3D printing for wedding rings and other savvy Hong Kong 3D innovations
From jewellery to decorations, and from fashion accessories to orthopaedics, entrepreneurial Hong Kong companies are using 3D technology to save time and money, and heal people
Churning out rows of rings made of epoxy resin at high speed, the whirring new 3D printing machine at Forever Couple, a jewellery shop in Wan Chai, intrigues customers who are looking to buy bespoke wedding rings.
With this technology, there is no longer any need to try on rings of different sizes before finding one that best fits; the “printed” edition is made according to minute measurements, and can be tested for up to six months, before it is cast in metal. A commercial gimmick perhaps, but it is becoming popular among consumers.
Eddie Lai Yiu-kwong says the machine is a joint invention between his company Forever Couple and the Hong Kong Productivity Council.
“People have different finger shapes,” he says, adding that measurements made by salespeople may not always be accurate. “If a customer finds that his wedding ring is not comfortable, they have to make another one, which wastes time and money. So the exact measurement of the finger is very important.”
Once a technology confined to laboratories and factory floors – it’s been around since the 1980s – 3D printing is now pervading many parts of daily life, from fashion to medicine to engineering.
In Hong Kong, companies making use of the technology to offer personalised services have been popping up all over the city. Apostrophe’s was set up two years ago to produce 3D figurines for individual clients, pop concerts and entertainment events.
Its creative director Yuk Wong says the use of 3D printing technology has greatly reduced the time cost for the printing industry.
“Last year, we helped the fashion chain Gap design a series of flip-flops. We 3D printed a series of designs in sandstone for Gap to pick. Once chosen, the designs were instantly sent to the mainland for manufacturing. The whole process was sped up due to the use of 3D colour printing,” she says.
Apostrophe’s was also behind the souvenirs for Denise Ho Wan-sze’s Hong Kong Coliseum concert in October – a black candle in the likeness of the pop singer.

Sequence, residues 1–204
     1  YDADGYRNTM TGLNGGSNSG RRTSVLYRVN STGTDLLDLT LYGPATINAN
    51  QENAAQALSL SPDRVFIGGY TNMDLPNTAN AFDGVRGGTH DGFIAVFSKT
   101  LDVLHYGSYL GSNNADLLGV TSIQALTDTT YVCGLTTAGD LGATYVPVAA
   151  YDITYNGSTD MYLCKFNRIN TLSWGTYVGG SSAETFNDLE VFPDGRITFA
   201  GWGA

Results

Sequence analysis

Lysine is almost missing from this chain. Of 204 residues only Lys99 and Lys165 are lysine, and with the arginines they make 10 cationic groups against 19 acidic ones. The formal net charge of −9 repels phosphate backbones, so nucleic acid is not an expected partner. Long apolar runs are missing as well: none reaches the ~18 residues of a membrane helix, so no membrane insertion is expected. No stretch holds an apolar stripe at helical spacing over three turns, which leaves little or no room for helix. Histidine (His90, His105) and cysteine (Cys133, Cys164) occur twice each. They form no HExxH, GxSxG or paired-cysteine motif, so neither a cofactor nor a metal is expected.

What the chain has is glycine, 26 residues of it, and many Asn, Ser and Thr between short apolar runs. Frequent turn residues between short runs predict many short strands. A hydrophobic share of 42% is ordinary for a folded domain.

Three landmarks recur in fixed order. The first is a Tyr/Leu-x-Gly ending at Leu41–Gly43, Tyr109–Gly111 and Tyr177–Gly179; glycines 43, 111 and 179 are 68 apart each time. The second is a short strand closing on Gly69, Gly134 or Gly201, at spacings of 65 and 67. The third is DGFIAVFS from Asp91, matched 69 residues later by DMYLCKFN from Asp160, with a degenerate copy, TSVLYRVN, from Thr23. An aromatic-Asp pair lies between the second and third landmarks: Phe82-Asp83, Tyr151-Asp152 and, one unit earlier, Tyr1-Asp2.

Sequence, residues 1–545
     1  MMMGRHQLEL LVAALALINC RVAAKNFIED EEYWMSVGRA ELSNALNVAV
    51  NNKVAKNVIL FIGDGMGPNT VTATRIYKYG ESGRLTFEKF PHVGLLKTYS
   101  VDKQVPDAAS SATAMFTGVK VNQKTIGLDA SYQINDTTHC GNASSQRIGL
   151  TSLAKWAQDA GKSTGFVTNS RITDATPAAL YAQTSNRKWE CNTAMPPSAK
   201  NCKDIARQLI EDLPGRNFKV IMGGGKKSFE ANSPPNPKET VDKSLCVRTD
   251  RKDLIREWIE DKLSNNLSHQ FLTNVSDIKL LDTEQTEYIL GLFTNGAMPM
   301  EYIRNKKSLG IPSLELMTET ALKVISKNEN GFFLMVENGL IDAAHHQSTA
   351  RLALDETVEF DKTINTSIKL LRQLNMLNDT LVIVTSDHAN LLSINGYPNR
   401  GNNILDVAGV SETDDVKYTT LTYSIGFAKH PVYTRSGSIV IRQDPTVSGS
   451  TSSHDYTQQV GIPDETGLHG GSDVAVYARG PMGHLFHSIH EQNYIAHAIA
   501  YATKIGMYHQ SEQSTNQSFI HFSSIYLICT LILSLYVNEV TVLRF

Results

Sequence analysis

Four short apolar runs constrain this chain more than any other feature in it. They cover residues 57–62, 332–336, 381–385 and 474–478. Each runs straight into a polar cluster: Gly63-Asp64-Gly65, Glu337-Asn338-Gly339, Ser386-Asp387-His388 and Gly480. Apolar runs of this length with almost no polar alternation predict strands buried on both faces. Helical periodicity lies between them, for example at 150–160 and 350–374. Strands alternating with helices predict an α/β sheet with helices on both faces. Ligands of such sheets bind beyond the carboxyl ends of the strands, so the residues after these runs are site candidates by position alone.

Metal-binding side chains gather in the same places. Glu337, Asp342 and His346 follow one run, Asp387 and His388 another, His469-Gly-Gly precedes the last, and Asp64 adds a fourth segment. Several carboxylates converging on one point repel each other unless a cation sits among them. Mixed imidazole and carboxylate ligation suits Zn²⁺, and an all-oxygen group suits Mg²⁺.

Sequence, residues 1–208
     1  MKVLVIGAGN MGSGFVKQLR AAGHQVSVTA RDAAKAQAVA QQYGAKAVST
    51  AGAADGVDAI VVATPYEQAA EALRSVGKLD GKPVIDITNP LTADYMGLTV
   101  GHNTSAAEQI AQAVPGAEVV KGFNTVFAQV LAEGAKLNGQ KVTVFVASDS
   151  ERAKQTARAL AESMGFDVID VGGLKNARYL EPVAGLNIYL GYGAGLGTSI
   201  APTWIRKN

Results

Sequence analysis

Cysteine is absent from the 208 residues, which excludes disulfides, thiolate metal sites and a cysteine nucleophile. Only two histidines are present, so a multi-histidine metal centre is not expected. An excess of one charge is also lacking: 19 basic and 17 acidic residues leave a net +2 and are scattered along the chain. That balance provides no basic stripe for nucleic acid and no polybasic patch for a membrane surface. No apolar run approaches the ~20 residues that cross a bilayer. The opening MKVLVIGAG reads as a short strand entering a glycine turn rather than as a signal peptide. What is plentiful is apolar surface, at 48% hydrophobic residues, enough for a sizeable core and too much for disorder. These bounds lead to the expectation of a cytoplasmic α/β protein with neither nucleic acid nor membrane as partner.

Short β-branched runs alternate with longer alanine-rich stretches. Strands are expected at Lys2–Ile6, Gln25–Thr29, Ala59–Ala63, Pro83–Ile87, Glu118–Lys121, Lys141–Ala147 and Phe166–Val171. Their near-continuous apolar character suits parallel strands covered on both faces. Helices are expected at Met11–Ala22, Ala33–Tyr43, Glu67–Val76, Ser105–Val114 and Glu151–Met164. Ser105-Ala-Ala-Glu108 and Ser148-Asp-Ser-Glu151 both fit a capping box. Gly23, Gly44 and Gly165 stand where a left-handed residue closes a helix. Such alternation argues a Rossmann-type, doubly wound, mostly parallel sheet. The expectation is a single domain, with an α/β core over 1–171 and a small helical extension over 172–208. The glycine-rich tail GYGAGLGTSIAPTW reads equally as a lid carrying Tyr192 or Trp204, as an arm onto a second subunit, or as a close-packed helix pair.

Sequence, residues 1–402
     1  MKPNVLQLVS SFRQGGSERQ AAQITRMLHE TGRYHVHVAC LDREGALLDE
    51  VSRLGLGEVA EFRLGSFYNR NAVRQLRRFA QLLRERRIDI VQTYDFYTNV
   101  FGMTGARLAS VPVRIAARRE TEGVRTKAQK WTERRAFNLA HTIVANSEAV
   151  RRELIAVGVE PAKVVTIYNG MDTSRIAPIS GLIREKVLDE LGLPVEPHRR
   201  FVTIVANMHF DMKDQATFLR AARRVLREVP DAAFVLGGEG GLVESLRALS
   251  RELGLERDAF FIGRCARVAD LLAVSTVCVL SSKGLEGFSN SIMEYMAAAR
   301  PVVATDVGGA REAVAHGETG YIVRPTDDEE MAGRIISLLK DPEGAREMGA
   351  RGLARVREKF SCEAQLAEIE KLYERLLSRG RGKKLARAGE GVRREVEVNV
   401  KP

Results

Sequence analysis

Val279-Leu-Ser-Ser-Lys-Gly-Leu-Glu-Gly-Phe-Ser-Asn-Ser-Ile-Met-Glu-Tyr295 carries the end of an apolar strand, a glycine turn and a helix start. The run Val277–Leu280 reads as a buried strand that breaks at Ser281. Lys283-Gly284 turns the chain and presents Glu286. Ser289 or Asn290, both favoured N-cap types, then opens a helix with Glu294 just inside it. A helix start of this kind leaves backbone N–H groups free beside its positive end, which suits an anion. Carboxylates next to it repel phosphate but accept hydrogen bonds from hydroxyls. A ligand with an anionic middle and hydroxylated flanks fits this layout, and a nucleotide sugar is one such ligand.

“The 3D printed mould of her visage was made in one day,” says Wong. “A high degree of reality can also be attained by the use of 3D printing.”
“Last year, we collaborated with Madame Tussauds on The Peak and set up a booth in the museum,” recalls Wong. “After looking at all the waxworks, visitors might want one of themselves. After scanning their face we made figurines in sandstone with a 3D printer.”
The technology is not just for entertainment and has real, practical value, especially in the field of medicine.
The department of orthopaedics and traumatology at the University of Hong Kong, a new 3D printing machine is producing simulated bone implants to be used on mice in clinical research.
The equipment was recently bought from Switzerland for HK$2 million. Kelvin Yeung Wai-kwok, associate professor with the department, says they aim to set up the first human tissue 3D printing centre within five years.
“So far in Hong Kong, 3D printing has been used in making medical tools only,” he explains. “There’re never any cases that implants made from 3D printing are used on the human body. In Asia, 3D printing in the medical field is mostly at the stage of clinical trial.”
The 3D printing machine at HKU prints implants for mice using different kinds of materials like bio-degradable polymers and hydroxylapatite.
Researchers are doing trials on different kinds of ink to see which material better matches cell growth.
“Live cells are put into the ink. The ink is for the construction of a matrix-like scaffold for the cells to live in. If the cells find the scaffold a nice and cosy home, they will duplicate endlessly and grow and later transform into fat, muscle, bone, ligament or nerve tissue.
“The 3D printing machines can manufacture the matrix-like scaffold. We will first print bones, then ligament and nerves and ultimately, spinal cords which can help [paralysed] patients walk again.”
Tony Liu, senior technical officer in the lab, says 3D printing improves on traditional mould-making methods as it can create very fine-grained structures.
“You can make tiny holes in a 3D printed bone implant that traditional mould-making tools can never do. The presence of the holes increases surface area. The more surface area the cells come into contact with, the better the bone growth.”
Yeung adds that the introduction of 3D printing can help rectify the shortcomings of traditional orthopaedic treatment.
“For example, a patient shatters a leg bone in an accident. He may have a limp after surgery because his injured leg shorter than the healthy one as the bone doesn’t grow that well during the healing process,” says Yeung.
“To rectify this, we normally use bone from a cadaver or the patient’s own bone from another part of his body [to elongate the shorter leg]. But both these methods are flawed as donated bone from cadaver can lead to disease transmission and the supply of one’s own bones is limited.
“3D printed bone implants can help solve this problem.”